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Alas for my beloved New Jersey, where the state government has closed down because of the failure of Governor Corzine and the legislature to agree on a budget. (I am not particularly fond of tax increases either, but the governor is probably right in insisting on balancing the budget with a sales-tax increase rather than IOUs and accounting gimmicks, which has been the custom in recent years.) Much sympathy has been expressed for our valiant gaming industry, whose dealers and patrons were forced from their friendly windowless gaming rooms and into the unfamiliar sunlight at 8:00 AM for lack of state inspectors to oversee the casinos. However, all areas of life have been affected. The border fortifications that defend civilization from Pennsylvania are now derelict, and the savages of Bucks County are making devastating incursions into central New Jersey, and even the north. Here is a scene from Paramus Mall this morning:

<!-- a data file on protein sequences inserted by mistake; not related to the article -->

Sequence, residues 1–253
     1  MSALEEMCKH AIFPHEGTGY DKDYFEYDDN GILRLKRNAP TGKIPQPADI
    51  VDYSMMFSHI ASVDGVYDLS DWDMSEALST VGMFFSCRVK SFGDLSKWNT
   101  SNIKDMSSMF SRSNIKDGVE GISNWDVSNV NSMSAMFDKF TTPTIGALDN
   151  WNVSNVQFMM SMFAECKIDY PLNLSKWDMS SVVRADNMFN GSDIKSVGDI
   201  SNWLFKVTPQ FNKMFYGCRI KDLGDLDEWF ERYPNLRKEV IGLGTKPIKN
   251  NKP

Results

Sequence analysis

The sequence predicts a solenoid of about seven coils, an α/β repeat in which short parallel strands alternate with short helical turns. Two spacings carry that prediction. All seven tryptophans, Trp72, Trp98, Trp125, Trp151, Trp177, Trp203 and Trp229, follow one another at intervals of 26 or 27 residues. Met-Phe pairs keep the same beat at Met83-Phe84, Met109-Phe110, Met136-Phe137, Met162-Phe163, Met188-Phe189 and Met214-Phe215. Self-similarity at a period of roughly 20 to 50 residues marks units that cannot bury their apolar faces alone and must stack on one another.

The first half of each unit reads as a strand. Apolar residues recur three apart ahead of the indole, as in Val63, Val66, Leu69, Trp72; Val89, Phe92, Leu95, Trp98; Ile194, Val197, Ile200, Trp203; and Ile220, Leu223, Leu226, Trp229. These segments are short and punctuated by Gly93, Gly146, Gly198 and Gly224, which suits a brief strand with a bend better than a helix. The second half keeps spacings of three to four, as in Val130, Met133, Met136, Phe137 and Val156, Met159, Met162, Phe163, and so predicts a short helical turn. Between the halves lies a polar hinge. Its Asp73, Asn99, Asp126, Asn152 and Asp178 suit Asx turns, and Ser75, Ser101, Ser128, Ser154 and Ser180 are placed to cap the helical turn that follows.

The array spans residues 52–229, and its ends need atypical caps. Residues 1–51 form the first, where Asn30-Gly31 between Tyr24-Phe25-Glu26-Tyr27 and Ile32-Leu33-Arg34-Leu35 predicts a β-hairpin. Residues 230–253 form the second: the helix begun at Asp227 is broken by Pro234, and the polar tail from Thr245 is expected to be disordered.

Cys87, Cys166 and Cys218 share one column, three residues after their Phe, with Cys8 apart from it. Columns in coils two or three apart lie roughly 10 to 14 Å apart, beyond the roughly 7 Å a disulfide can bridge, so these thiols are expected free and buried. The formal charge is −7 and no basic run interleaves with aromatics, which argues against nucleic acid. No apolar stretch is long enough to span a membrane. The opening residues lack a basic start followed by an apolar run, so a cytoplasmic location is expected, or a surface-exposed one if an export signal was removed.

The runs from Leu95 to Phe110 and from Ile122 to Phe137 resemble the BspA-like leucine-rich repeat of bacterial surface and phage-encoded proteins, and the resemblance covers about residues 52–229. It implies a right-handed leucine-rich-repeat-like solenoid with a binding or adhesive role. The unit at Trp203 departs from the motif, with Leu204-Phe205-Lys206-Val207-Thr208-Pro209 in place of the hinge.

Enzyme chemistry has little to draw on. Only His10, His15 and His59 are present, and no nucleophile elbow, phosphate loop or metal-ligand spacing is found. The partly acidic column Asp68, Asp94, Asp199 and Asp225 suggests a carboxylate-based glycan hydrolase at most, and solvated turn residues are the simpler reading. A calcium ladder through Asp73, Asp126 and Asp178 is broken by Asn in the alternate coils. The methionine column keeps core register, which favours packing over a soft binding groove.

Already the spreading chaos has provoked the people to raise questions of theodicy. Is the existence of a good God, they ask, really consistent with the total collapse of the EZ-Pass system on the New Jersey Turnpike?
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The Democratic Party has two options for 2008 and beyond. One is to relax its position on culture wars questions, the better to attract cultural conservatives, particularly from the South. As I have elsewhere noted, this was essentially the New Deal formula: culturally Right, economically Left, and it was very successful for a very long time. Plan B, however, would make the bet that secularization and bohemianization are irreversible historical trends. That is essentially what Thomas F. Schaller does in his forthcoming book, Whistling Past Dixie : How Democrats Can Win Without the South.